Π refers to a collection of patterns, i.e., referred to herein as the bio-dictionary or the pattern dictionary 120. The exact method of obtaining Π will be explained below in the section entitled “Dictionary Formation.” Patterns are regular expressions describing families of peptides. The polypeptide family represented by a single pattern is expected to contain stretches of related (structurally, functionally, evolutionary) amino acids. More specifically, given the alphabet Σ of amino acids, we define a pattern P in Π as a regular expression of the form:

Σ(Σ∪{‘. ’})*Σ,

where ‘.’ (Referred to as the “don't care character”) denotes a position that can be occupied by an arbitrary residue. Being a regular expression, every pattern P defines a language of polypeptides consisting of all strings that can be obtained from P by substituting each don't care character by an arbitrary residue from Σ. Also, each P in Π matches at least Kmin sequences in D. Kmin is an integer and its computation is explained below in the “Dictionary Formation” section. In the example below, we will assume a specified value. The regions of the database sequences matching a pattern P are recorded in an offset list LD(P) of the pattern P. This is a list containing all the pairs (j, k) such that the pattern P matches the j-th sequence of the database at offset k.

For the example database introduced above, and assuming that Kmin=2, the set of patterns is P={A.Q.T, M.PQ}. The two patterns in this set appear in the following input sequences (the matching positions are shown in bold-case):

A.Q.T M.PQ

S1: ARQSTLUMNPQ s1: ARQSTLUMNPQ

s2: FDSALQFTGMRA S3: RKMFPQDDSLA

The offset lists of the two patterns are as follows:

LD(A.Q.T) = { (1, 1), (2, 4) }
LD(M.PQ) = { (1, 8), (3, 3) }

It is to be appreciated that the first term in each parenthetical is the sequence number and the second term is the offset. The offset corresponding to any character in a sequence is the distance of that character from the beginning of the sequence. For example, (2, 4) denotes that the sequence is S2 and that the pattern A.Q.T begins at a distance of four characters from the beginning of sequence S2.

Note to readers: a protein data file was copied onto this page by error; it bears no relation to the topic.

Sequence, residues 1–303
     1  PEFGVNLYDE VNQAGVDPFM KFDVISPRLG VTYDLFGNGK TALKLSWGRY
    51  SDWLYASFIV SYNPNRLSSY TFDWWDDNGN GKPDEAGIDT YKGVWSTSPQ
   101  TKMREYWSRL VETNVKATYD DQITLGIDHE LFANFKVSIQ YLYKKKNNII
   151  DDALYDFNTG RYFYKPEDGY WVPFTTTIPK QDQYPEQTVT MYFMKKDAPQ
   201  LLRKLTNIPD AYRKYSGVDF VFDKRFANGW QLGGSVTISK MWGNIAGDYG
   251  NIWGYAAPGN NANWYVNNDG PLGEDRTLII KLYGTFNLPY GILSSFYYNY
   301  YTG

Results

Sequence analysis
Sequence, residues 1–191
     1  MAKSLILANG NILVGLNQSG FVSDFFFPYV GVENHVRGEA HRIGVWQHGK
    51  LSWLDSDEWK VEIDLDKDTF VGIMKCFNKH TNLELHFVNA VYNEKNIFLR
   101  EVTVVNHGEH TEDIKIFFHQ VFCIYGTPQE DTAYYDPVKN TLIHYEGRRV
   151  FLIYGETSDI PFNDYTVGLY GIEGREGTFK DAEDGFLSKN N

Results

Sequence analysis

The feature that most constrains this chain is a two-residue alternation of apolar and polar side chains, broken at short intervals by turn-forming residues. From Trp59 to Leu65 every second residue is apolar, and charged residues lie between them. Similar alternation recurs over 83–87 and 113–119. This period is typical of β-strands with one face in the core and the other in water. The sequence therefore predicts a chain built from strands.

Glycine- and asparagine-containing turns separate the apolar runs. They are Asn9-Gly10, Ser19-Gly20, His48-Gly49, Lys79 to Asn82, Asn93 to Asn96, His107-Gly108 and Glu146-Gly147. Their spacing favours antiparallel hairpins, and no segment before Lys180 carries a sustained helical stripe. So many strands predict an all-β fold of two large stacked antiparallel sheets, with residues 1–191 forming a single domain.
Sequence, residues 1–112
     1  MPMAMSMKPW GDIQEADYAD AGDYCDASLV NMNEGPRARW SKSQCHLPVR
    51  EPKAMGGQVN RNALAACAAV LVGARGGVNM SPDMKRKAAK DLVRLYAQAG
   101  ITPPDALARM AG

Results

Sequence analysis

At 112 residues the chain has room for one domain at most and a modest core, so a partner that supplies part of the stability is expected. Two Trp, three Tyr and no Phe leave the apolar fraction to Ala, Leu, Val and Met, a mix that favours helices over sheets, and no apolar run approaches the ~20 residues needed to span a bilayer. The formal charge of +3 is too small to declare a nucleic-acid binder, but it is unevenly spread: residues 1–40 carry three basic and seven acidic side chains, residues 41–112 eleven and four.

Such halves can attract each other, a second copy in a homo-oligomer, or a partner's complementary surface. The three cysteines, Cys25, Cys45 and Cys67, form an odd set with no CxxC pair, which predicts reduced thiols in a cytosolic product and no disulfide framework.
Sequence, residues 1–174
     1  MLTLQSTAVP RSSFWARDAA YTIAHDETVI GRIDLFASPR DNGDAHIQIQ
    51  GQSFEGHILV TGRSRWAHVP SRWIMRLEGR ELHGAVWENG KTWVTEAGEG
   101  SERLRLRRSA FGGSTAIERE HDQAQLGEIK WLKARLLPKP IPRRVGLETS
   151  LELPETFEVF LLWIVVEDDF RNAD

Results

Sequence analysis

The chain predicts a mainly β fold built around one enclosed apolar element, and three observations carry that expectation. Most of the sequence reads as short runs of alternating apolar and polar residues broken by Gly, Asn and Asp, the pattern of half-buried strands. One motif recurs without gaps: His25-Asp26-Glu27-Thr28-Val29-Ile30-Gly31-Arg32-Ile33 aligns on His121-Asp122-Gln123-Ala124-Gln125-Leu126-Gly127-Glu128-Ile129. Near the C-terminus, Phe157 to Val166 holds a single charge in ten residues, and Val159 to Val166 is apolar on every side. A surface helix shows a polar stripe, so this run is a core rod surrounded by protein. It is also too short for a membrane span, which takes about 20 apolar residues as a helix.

Q refers to the query protein. An objective of the search engine of the invention is to identify sequence homologies between the database sequences in D and any query sequence Q that the user may supply. As an example, we will use the query Q=JLANQFTLMDPQDLA. This sequence has a number of homologous regions with the database sequences. Below, we are showing some of them (again, pairs of similar regions are shown in bold-case):

Q: JLANQFTLMDPQDLA Q: JLANQFRLMDPQDLA

s1: ARQSTLUMNPQ s2:FDSALQFTGMRA

Thus, the search engine identifies similarities such as the ones shown above. Two regions of equal length are similar if, when put one under the other, they have several matching characters lined up together. The exact notion of similarity will be made precise in what follows; for now, it suffices to say that it involves the use of scores for every possible pair of characters. Every such score is a measure of fitness, identifying how biologically probable it is for two characters to be lined up together.

Given a pattern P, a “backbone” of P is defined as a string over the alphabet {1, 0} obtained from P by turning every residue of P into the character ‘1’ and every don't care into the character ‘0’. For example, the backbone of the pattern P=“A.. DFE” is the string “100111”. Backbones partition the set of patterns into equivalent classes with each class containing all the patterns sharing the same backbone.